Tlachtga

The central monument of Tlachtga itself is an impressive earthwork. Measuring approximately 135 m in diameter from outside of bank to outside of bank, it is also surrounded by a scarping (presumably providing some of the material from which the outer banks were constructed) to an additional width of c. 15 m around the entire circumference. The number of known quadrivallate enclosures is very low, and includes Rathra, Co. Roscommon (http://goo.gl/maps/aPjif), the Rath of the Synods at the Hill of Tara and the enclosure at Rathdrinna, Co. Tipperary, currently the focus of an excavation project (http://www.facebook.com/Rathnadrinna). Tlachtga differs markedly from Rathra and Rathdrinna in that the majority of the monument is taken up with its vallations leaving little room for a large interior space. The central mounded portion at Tlachtga measures c. 50 m in diameter, significantly more than a third of the total diameter of the monument. This is closer to the situation at the Rath of the Synods, where the total monument diameter is c. 85 m while the inner enclosure is approximately 32 m in diameter.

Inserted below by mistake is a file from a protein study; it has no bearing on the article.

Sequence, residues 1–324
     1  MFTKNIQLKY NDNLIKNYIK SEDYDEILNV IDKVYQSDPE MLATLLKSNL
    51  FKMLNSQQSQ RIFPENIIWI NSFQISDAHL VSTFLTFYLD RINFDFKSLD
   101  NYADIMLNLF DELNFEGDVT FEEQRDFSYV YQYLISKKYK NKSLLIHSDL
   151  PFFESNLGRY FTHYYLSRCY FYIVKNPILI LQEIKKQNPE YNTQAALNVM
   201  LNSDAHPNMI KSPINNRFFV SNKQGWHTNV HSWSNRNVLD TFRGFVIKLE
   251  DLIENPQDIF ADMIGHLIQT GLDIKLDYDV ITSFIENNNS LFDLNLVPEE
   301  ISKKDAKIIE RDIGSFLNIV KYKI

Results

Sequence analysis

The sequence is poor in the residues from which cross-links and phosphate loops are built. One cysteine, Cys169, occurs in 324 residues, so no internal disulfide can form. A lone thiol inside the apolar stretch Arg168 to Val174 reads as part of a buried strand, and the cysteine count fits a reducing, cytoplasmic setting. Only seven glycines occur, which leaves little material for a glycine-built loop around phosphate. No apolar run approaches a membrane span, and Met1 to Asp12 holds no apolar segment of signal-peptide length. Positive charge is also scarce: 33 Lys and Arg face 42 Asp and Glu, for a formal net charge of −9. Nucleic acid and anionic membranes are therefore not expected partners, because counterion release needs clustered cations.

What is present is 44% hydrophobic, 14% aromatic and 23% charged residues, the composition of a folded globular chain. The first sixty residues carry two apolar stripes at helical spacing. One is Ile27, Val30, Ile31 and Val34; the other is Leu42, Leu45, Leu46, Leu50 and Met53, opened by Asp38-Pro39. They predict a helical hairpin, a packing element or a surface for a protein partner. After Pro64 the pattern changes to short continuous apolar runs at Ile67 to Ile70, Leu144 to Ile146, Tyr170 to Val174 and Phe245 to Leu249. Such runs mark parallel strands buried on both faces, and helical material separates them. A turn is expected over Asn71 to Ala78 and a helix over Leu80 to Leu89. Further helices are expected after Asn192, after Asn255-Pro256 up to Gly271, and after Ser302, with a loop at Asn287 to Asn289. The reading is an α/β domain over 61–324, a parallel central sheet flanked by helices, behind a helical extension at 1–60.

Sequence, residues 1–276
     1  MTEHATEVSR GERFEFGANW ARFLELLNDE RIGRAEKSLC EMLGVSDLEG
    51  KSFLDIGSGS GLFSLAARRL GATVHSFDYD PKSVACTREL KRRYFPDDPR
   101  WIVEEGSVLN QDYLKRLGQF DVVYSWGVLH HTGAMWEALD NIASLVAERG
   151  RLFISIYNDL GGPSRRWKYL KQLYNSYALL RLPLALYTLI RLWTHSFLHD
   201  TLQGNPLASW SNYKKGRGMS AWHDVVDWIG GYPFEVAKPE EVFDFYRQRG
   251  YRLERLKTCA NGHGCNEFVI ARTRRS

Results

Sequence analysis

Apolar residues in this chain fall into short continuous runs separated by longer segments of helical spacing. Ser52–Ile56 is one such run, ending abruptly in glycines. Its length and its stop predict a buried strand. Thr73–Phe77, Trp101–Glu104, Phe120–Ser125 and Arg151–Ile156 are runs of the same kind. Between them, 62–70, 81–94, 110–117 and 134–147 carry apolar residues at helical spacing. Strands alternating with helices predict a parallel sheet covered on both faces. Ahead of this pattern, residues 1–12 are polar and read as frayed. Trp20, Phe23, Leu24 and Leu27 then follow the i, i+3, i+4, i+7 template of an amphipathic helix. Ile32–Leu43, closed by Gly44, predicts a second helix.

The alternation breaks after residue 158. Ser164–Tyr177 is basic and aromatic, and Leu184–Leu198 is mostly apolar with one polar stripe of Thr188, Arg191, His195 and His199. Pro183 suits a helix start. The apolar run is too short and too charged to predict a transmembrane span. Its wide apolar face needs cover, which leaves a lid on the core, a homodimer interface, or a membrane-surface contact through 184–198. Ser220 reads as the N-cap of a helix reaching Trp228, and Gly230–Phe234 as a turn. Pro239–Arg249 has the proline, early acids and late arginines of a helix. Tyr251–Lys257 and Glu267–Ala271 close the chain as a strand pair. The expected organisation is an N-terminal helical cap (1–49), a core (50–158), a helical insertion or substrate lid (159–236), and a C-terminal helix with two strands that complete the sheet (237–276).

The Hill of Ward Archaeological Project

The Hill of Ward, near Athboy, Co. Meath is home to the spectacular quadrivallate ringfort of Tlachtga (‘Earth-spear’). Reputedly the birthplace of Halloween and home to a long-standing Samhain fire-festival, the monument takes its name from the daughter of the legendary Mog Ruith, the alleged executioner of John the Baptist.

Google Earth 2005 imagery of Tlachtga

Google Streetview image from west of Tlachtga

This blog is intended to follow some recent discoveries and ongoing research at the Hill of Ward and its environs.

Recent work with lidar (Light Detection and Ranging) at the site has revealed a range of potentially interesting features and has greatly increased our understanding of the archaeology of the area. Prior to this the number of recorded monuments in the area was very low, with Tlachtga itself accompanied by a holy well (ME030-030) and a church (ME030-002) known as Temple Cuimhneas (the Church of Remembrance). Newly identified features include a deserted medieval settlement at Wardstown, an embanked enclosure similar to those at Brú na Bóinne and a pair of parallel outer embankments to the north of Tlachtga itself. I will discuss some of these in more detail in future entries.

Current plans are progressing towards some geophysical survey this summer, concentrating on the monument of Tlachtga itself, the embanked enclosure and the outer embankments.

Watch this space!

 

Hill of Ward, Co. Meath hillshade model (altitude 25 degrees, azimuth 30 degrees)

Hill of Ward, Co. Meath hillshade model (altitude 25 degrees, azimuth 30 degrees)